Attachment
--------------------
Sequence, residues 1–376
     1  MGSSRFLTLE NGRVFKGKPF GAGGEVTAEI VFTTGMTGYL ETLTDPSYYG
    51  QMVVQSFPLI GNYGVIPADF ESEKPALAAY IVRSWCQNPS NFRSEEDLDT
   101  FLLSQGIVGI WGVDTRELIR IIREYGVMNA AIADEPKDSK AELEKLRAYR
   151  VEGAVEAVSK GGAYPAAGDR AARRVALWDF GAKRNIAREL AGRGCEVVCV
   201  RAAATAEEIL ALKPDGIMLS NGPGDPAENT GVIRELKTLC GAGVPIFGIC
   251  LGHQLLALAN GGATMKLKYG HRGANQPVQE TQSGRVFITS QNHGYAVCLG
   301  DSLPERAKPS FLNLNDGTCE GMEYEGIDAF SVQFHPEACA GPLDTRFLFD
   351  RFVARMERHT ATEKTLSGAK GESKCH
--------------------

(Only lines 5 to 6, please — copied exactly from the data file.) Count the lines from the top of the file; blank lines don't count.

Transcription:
   151  VEGAVEAVSK GGAYPAAGDR AARRVALWDF GAKRNIAREL AGRGCEVVCV
   201  RAAATAEEIL ALKPDGIMLS NGPGDPAENT GVIRELKTLC GAGVPIFGIC